My mom used this great expression — “If you’re so smart, how come you ain’t rich?” — which I learned only recently is the title of a Louis Jordan song from the 1950s. She’d say it to me every now and then, which might account for my own love of sarcasm and weak sense of self-esteem.
I always think of the expression when the MacArthur Foundation announces its annual “genius” grants. This year’s recipients include four members of the Jewish community (or what my parents and Richard Nixon would have called “Jews”). They are artist Nicole Eisenman, health-care activist Gary Cohen (my second-favorite Gary Cohen, by the way, after the New York Mets play-by-play guy), novelist Ben Lerner, and Princeton historian Marina Rustow, an expert on Jews in medieval Egypt.
I’m not sure why these awards always annoy me a little. I mean, if these folks are so smart, why do they need a $625,000 grant over the next five years? Shouldn’t they just do their jobs? You don’t see anyone giving me a bonus just for being the genius that I am.
Oh, wait a sec — I think I just figured out why these awards annoy me.
I think anyone who does something even mildly creative for a living secretly harbors the hope that someone will tap him as a genius. Admit it: Are you slightly disappointed each year when they announce the awards and you are not on the list? (I’m not talking here about people who actually deserve such a prize. That must be its own kind of torture.) I imagine most people think they do one thing better than anyone else on the planet, even if it’s the ability to imitate a cymbal sound with one’s tongue and teeth or pack a car trunk efficiently (I don’t mean to brag).
To console yourself on not being included among those who have “shown extraordinary originality and dedication in their creative pursuits and a marked capacity for self-direction,” perhaps you refer to yourself as an “underachiever.” You remember the teachers who told you as much, and think, “I’d be a genius too, if not for my marked incapacity for self-direction.”
And then you realize, after years of telling yourself that you are an underachiever, that maybe, just maybe, you’ve achieved exactly what you’ve deserved. Or, if anything, you might even be an overachiever, and it’s amazing that you’ve gotten this far!
I think part of being an adult is accepting yourself for who you are, neither regretting the choices you made or didn’t make in the past, nor believing that the present is just a detour from a magnificent future, nor imagining that someone smarter and more successful has stolen your life. That’s the point of Buber’s famous hasidic tale about Rabbi Zusya: “Before his death, Rabbi Zusya said, “In the coming world, they will not ask me: ‘Why were you not Moses?’ They will ask me: ‘Why were you not Zusya?’”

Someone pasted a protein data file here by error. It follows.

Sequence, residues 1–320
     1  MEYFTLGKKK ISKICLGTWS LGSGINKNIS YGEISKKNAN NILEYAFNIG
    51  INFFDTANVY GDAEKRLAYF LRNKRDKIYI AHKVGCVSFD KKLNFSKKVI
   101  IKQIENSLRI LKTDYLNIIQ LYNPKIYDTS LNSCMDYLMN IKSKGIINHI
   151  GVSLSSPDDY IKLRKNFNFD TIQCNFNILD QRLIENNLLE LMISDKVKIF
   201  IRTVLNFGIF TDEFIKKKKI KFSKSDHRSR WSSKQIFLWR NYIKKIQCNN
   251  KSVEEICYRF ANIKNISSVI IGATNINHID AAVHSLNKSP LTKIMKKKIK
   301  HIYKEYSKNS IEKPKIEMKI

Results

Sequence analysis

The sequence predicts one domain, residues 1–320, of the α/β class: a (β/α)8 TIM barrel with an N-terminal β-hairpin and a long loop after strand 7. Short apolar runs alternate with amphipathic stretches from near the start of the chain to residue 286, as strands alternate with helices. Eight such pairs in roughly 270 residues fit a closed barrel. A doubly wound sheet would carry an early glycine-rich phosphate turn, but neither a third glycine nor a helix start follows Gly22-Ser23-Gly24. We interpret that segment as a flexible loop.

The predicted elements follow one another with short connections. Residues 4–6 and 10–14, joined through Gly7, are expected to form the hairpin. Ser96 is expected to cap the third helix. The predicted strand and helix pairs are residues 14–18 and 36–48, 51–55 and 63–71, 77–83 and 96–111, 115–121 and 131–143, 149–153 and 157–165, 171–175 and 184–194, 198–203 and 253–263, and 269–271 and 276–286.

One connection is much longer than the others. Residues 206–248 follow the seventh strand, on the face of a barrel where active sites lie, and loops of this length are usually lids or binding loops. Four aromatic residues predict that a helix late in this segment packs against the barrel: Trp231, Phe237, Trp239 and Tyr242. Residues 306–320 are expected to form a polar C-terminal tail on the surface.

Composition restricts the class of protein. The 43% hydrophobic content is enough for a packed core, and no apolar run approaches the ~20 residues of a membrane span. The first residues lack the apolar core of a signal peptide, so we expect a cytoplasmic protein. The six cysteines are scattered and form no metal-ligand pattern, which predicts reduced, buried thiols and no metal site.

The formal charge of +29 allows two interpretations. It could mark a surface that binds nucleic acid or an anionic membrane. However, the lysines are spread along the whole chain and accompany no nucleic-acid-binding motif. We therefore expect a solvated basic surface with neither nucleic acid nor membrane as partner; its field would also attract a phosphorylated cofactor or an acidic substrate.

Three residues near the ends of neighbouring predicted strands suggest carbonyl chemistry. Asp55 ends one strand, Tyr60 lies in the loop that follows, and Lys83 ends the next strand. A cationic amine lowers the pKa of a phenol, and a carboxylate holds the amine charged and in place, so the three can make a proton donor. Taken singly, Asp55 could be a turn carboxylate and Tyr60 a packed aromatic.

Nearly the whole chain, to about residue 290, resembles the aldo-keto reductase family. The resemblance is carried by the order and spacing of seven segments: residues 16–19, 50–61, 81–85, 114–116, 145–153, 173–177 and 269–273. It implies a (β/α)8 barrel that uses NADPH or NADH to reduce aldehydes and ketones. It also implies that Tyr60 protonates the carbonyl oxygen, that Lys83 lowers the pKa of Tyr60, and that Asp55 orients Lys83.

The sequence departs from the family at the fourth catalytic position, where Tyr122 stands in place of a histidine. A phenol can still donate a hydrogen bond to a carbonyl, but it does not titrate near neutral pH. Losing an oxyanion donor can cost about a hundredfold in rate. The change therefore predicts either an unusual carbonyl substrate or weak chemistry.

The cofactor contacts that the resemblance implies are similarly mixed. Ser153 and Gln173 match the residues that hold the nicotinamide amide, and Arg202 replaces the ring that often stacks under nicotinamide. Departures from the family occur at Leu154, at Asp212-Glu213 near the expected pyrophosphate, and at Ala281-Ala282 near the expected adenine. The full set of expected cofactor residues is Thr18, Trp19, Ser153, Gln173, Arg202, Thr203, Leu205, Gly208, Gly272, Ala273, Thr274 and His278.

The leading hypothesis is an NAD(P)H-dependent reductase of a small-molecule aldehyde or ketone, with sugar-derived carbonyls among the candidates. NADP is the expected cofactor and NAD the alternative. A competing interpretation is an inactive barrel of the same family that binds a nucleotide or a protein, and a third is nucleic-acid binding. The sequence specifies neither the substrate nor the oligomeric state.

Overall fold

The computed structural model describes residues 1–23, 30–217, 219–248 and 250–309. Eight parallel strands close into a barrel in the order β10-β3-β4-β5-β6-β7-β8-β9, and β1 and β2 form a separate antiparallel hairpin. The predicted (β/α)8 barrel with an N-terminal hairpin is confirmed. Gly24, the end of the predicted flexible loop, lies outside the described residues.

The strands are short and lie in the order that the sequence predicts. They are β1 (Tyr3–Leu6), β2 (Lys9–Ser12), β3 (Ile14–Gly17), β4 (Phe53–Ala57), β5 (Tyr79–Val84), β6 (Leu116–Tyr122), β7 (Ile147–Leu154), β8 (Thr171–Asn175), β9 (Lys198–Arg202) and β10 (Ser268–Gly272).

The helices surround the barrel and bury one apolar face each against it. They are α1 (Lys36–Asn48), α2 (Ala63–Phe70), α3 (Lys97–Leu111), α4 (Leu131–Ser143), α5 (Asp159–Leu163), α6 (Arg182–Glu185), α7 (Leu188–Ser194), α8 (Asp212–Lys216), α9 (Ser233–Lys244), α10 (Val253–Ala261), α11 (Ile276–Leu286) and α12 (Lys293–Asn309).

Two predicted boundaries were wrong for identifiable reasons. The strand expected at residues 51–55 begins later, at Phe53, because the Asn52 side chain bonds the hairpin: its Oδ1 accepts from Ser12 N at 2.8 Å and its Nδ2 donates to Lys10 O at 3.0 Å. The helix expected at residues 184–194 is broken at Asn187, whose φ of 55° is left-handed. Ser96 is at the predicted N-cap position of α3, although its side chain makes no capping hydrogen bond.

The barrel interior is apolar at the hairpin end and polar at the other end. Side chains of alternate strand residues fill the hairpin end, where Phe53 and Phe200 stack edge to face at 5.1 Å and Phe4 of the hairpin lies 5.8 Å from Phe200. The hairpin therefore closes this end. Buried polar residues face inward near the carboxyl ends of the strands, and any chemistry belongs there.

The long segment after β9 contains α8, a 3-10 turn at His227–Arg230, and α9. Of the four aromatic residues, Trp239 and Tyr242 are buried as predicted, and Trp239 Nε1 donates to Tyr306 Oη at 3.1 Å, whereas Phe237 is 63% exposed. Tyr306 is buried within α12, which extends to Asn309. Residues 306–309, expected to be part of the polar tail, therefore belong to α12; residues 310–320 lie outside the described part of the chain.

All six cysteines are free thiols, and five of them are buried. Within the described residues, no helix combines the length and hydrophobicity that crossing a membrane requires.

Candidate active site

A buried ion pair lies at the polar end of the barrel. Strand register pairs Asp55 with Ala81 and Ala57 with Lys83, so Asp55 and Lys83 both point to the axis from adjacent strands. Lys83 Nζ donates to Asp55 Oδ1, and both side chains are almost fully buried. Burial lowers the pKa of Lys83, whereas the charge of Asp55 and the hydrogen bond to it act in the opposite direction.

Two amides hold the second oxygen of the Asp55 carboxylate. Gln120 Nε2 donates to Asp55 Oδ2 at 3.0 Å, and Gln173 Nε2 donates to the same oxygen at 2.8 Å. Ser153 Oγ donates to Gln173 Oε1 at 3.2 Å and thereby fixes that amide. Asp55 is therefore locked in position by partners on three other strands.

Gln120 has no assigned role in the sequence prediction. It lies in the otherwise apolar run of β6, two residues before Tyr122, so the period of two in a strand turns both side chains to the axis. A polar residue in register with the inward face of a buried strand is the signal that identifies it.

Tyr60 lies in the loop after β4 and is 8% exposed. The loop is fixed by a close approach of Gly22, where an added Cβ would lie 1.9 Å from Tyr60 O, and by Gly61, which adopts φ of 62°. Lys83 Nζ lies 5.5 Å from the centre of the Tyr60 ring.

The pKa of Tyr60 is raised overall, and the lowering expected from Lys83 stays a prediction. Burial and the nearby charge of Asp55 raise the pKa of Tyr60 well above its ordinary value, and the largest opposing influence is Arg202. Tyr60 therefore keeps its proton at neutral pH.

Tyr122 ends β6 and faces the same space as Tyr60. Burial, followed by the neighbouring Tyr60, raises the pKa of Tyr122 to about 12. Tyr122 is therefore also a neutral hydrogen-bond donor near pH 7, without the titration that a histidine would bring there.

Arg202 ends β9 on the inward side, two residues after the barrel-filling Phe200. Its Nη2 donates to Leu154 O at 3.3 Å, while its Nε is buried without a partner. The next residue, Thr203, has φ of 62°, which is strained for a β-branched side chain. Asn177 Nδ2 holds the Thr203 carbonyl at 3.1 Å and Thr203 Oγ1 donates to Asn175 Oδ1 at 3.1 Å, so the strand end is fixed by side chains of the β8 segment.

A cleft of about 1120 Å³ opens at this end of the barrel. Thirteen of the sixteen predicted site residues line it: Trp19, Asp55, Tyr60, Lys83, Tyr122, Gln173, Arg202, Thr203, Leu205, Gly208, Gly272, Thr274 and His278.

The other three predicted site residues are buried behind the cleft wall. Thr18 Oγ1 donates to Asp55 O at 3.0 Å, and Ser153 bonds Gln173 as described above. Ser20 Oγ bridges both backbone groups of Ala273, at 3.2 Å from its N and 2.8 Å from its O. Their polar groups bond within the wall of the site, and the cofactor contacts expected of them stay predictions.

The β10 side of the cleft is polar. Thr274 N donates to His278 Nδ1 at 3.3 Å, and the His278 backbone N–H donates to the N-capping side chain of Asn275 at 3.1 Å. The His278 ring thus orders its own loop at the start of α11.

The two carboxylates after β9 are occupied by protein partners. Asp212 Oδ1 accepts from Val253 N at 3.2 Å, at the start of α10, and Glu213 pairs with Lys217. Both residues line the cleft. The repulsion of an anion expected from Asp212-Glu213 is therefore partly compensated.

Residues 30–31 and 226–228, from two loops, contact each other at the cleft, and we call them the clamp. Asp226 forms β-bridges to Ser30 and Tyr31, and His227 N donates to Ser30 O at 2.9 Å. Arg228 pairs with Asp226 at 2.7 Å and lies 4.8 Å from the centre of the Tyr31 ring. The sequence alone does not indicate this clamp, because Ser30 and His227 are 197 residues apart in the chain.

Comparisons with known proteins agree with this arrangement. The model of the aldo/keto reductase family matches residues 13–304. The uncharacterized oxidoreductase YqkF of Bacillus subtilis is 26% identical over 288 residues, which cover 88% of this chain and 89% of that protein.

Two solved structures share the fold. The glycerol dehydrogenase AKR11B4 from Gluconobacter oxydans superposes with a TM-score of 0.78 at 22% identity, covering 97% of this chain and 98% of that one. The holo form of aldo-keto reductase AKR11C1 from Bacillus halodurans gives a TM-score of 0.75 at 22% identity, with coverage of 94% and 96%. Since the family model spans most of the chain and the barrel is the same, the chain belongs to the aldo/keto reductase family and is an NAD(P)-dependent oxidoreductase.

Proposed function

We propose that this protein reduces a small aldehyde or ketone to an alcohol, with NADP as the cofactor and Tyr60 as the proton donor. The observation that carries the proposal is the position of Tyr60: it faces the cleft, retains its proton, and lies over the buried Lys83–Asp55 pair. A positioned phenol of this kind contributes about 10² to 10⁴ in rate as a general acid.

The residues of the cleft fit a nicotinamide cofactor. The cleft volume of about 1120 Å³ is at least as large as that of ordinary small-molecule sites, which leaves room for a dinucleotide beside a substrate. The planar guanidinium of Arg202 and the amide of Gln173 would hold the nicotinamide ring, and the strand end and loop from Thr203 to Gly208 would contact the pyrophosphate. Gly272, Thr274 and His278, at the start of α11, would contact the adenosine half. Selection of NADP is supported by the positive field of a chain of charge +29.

Or, as the kids say, “You do you.”
I struggle with this. Most days I think, kein ayin hara — I like who I am, the choices I made, and the things I’ve accomplished. And then they announce the MacArthurs, and I hear about the writer who is “emerging as a leading interpreter of American concerns to a new generation of media-savvy audiences,” or the scientist who prompted a “fundamental shift in thinking about brain development,” and I feel like crawling back into bed with a pint of Trader Joe’s Soy Creamy Cherry Chocolate Chip.
The late Rabbi Louis Jacobs, writing about humility, tells the story about a hasidic man who came to the tzadik with a complaint. “All my life,” he said, “I have tried to follow the advice of the rabbis that one who runs away from fame will find that fame pursues him, and yet while I run away from fame, fame never seems to pursue me.” The tzadik replied: “The trouble is that while you do run away from fame you are always looking over your shoulder to see if fame is chasing after you.”
In other words, act honorably, but don’t expect any honors. And don’t resent those who do win honors, or you’ll spend your life consumed by envy. It doesn’t take a genius to figure that out.